Becoming a mother changes many things in a woman’s life. How she sees herself changes the minute that pink line appears on the test and how others view her changes as her bump grows. Times have changed a lot. It is no longer unusual to find a pregnant woman in any workplace. Still, the route from positive test to returning to work can be challenging and full of surprises for any first-time mum. Hopefully, the following blog will cover some of the things I wish I’d known before starting my journey into motherhood.
I was never one to get emotional over babies. Actually, I was the kind of person who looked on in horror as parents with babies entered my plane, train carriage or restaurant etc.
I loved my job. I worked hard to move up the ranks and was finely at a point where I had achieved everything I wanted to academically. My line manager gave me freedom to plan out my week and I enjoyed juggling multiple tasks at once. I never minded covering last minute, or leaving late (a regular occurrence).
In my religious background, it isn’t common to announce pregnancies or even talk about them until it is obvious i.e. when you look like a whale. In the UK, employees have to tell their employer about a pregnancy at least 15 weeks before the baby is due.
I was 3 months pregnant when I told my Line Manager. A month later I told the other teachers (who had mostly all guessed) and my boss (who was happy and hugged me). I was used my target language of the week (will + infinitive and be going to + infinitive) to tell my class. We discussed the sentences ‘Lara will have a baby’ and ‘Lara is going to have a baby’. They were all happy for me and I was happy with them and their results in the next test on future forms.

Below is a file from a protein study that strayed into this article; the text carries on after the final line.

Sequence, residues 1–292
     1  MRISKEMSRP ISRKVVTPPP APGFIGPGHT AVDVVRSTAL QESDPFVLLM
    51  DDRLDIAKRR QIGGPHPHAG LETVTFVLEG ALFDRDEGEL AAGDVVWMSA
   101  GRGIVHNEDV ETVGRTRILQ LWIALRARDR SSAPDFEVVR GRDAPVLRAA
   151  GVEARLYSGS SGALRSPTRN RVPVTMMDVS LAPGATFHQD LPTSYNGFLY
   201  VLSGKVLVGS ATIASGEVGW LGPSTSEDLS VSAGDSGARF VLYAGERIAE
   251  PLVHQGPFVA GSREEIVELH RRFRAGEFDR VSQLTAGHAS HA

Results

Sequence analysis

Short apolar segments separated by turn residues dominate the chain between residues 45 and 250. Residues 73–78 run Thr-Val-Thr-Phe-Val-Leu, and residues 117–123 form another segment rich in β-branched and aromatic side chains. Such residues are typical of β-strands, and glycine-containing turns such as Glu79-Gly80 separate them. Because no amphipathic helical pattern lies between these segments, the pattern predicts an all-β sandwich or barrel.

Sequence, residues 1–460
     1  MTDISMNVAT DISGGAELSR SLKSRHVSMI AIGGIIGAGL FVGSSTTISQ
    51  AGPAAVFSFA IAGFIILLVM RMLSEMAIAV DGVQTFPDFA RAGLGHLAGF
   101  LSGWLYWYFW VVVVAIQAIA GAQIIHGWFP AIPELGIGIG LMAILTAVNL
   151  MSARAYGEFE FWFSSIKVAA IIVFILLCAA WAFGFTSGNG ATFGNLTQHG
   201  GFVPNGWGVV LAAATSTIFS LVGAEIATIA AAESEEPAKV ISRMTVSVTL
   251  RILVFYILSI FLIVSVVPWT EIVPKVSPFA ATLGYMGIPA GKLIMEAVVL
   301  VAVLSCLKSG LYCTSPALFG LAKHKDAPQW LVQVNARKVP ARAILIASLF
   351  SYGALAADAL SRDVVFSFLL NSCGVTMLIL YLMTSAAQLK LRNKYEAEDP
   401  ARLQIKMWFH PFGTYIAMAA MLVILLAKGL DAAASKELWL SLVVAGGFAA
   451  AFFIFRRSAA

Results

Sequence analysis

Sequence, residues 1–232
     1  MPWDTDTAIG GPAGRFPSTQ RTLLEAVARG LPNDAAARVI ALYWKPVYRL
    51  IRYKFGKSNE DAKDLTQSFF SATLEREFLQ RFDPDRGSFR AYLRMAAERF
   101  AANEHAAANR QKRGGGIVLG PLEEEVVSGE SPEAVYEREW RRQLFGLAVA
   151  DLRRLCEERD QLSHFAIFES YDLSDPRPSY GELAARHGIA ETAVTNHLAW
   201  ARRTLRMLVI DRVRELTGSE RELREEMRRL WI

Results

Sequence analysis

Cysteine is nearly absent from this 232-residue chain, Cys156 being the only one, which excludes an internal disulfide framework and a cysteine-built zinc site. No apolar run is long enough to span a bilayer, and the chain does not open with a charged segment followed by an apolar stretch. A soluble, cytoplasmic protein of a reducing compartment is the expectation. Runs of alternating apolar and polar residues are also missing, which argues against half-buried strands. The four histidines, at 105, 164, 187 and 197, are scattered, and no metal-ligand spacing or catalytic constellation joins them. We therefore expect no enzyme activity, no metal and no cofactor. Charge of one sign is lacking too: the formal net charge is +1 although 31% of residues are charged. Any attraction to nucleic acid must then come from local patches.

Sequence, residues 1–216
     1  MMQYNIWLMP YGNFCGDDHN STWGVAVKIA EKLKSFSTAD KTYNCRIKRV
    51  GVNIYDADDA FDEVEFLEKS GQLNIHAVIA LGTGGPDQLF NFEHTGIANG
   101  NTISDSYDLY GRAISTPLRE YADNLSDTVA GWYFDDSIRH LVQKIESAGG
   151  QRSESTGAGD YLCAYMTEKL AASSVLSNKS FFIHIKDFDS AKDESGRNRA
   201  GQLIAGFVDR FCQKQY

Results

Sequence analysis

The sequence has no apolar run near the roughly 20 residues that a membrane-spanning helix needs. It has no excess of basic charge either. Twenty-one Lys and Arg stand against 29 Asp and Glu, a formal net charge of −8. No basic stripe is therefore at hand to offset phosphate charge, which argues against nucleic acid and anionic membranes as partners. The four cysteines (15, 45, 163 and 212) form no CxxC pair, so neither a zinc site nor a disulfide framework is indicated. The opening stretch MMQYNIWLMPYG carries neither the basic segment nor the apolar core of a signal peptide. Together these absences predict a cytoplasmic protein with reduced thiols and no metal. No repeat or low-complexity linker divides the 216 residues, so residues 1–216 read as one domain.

Pregnancy at work
It is no longer unusual to find a pregnant woman in any workplace. Working whilst pregnant is tiring and it is important to decide with your employer what you are and aren’t able to do. Thankfully, there were few things I couldn’t do whilst pregnant. The bump accompanied me on various social programmes and a first aid course. I was even planning to attend the Christmas party (week of my due date).
In the UK, an employer has to allow pregnant women paid time off for 2 antenatal hospital appointments. The father has the right to unpaid time off to attend these appointments too. I was lucky that UCH was just around the corner so I didn’t need much time off.
Telling HR is important, as is maintaining open lines of communication with them. The earliest date to start maternity leave is 11 weeks before your due date. However, you can also work as long as you feel ok to do so. Having a meeting with HR will also make maternity payments clearer.